SSZT218 december   2020 BQ75614-Q1 , BQ79600-Q1 , BQ79612-Q1 , BQ79614-Q1 , BQ79616-Q1 , BQ79656-Q1


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    2.     Examining a wake-up-at-fault battery design
    3.     Improving accuracy with TI’s battery monitors and balancers
    4.     Conclusion
    5.     Additional Resources

Deepak Uppal

As more vehicles become electrified, the need to achieve the highest levels of functional safety with high-accuracy battery monitoring is paramount. Yet in order to improve battery-monitoring accuracy, the vehicle’s battery management system must work efficiently in real time to monitor the performance of the individual battery cells within.

In typical hybrid electric vehicle (HEV) and electric vehicle (EV) configurations, the battery management unit (BMU) is powered from a 12-V battery. This battery remains on even when the car is parked or turned off, in order to support features like remote key entry, security and battery monitoring. When the car is parked, to ensure proper health of the battery, the microcontroller (MCU) has to periodically wake up to look for faults in high-voltage battery packs. This periodic wakeup draws current and can prematurely discharge the 12-V battery.

Design engineers and automotive manufacturers can now consider a new automatic host reverse wake-up feature that enables the host MCU to be off and rely instead on a supply power-management integrated circuit (PMIC) to remain in low-power mode and conserve 12-V battery power.

Examining a wake-up-at-fault battery design

As illustrated in Figure 1, EV battery packs can stack up to 800 V and beyond to support the demanding loads of the AC motor. These battery packs comprise hundreds of cells stacked together in series. A distributed battery pack system supports high-cell-count packs by connecting multiple high-accuracy battery monitors on separate printed circuit boards called cell sensing units.

The BMU board holds the host MCU, its supply (a PMIC or system-basis chip [SBC]) and a communication interface, which links the MCU and battery-monitoring devices on the cell monitoring unit, which then connects to the actual battery cells. A ring connection is supported to reverse the daisy-chain communication direction in the event of cable failure. The host MCU interfaces with the control unit of the vehicle through a Controller Area Network bus. By effectively monitoring each battery cell, an EV’s MCU can ensure the proper operation of all battery cells.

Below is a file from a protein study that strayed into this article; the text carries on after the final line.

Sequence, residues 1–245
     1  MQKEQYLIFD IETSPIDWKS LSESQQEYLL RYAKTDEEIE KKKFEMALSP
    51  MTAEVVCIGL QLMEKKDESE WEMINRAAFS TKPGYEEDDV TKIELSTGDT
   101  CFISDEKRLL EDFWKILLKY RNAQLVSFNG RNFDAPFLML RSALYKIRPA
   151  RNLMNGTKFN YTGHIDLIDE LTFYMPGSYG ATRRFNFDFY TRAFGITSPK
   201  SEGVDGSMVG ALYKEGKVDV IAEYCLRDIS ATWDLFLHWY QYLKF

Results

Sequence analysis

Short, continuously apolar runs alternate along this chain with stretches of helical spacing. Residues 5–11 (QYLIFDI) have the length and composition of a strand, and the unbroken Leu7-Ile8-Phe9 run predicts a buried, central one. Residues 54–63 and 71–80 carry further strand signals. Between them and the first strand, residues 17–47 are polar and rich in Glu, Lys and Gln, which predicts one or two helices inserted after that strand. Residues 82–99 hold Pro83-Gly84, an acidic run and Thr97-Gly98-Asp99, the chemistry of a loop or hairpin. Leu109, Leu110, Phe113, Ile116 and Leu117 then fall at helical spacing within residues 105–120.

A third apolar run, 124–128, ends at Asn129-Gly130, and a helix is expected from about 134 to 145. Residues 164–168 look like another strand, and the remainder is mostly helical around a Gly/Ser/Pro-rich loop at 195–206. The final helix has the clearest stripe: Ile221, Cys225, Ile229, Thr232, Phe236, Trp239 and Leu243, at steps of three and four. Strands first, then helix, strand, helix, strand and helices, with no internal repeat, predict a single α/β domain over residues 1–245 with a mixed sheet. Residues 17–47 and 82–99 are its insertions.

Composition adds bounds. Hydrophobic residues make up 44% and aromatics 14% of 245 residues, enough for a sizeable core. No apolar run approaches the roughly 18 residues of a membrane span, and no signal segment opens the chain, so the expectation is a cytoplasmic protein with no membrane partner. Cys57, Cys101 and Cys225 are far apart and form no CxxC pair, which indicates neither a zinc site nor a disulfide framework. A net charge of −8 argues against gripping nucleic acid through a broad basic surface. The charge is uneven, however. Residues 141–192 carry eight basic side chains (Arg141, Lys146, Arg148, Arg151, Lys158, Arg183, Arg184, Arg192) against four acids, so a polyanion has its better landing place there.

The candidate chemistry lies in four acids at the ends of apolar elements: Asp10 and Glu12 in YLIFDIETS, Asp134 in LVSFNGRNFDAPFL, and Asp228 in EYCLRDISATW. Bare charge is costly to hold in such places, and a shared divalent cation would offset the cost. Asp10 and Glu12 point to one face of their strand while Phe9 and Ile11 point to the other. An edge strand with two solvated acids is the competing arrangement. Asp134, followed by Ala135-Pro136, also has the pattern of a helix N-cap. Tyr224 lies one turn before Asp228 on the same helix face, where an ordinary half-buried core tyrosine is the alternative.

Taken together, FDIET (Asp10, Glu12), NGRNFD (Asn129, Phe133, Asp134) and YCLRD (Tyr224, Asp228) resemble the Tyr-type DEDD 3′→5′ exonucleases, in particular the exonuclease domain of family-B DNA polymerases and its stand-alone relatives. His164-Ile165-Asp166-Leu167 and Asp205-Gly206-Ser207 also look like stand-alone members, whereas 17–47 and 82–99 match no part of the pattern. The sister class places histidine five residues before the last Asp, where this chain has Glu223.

GUID-F33D1CFD-9613-4D42-9C42-FDC8A0CFB014-low.jpg Figure 1 Simplified battery management system diagram

Improving accuracy with TI’s battery monitors and balancers

TI’s BQ79616-Q1 battery monitor and balancer can continuously monitor the high-voltage battery even in sleep mode. In case of a fault in the battery, the BQ79616-Q1 transfers the fault information through the daisy-chain configuration to the BQ79600-Q1 communication interface. In turn, the BQ79600-Q1 wakes up and commands the PMIC and MCU to wake up. The MCU does not have to periodically wake up on its own, and can instead rely on the BQ79616-Q1 monitor. Thus, the BQ79600-Q1 – along with the BQ79616-Q1 automatic host reverse wake-up feature – allows the MCU to be off and its PMIC to be in lower-power mode, which minimizes current draw on the 12-V battery and conserves battery power.

As illustrated in Figure 2, when the BQ79616-Q1 is in sleep mode, the low-power operation mode, cell overtemperature and undertemperature, cell overvoltage and undervoltage, and thermistor overtemperature and undertemperature fault detections are still active. Because communication is not available in sleep mode, the device provides an option to transmit the fault status through heartbeat (device in no fault state) and fault (device in fault state) tones.

These tones are transmitted in the same direction as a communication command frame. Unlike communication tones, heartbeat and fault tones are transmitted periodically. The heartbeat and fault tone receivers are always on in sleep mode. For the tone signal to return back to the base device (in order to trigger NFAULT), a ring architecture is necessary to support transmitting fault status in sleep mode. Once the BQ79600-Q1 sniffer detects a fault tone, it puts itself into validate mode to check if a true fault exists or not. If a true fault exists, the BQ79600-Q1 triggers the INH pin, a high-voltage output pin that provides voltage to enable the PMIC.

GUID-11BFF492-AB1A-4AB4-A0FB-BB3800B9BEC9-low.png Figure 2 Automatic host reverse wakeup with TI battery monitors and balancers


The BQ79616-Q1 family of battery monitors and balancers supports automatic host reverse wakeup, which enables the host MCU to remain off and its power supply to be in the lowest-power mode while the BQ79600-Q1 monitors for faults coming from stacked battery-monitoring devices. The BQ79600-Q1 wakes up the SBC through the INH pin, which then further wakes up the MCU if the event of an unmasked fault detected by the BQ79600-Q1 or stacked BQ79616-Q1s. This enables the conservation of 12-V battery power and supports functional safety requirements like cell monitoring for overvoltage, undervoltage, overtemperature, undertemperature, thermistor overtemperature and thermistor undertemperature, even when the EV is parked or turned off.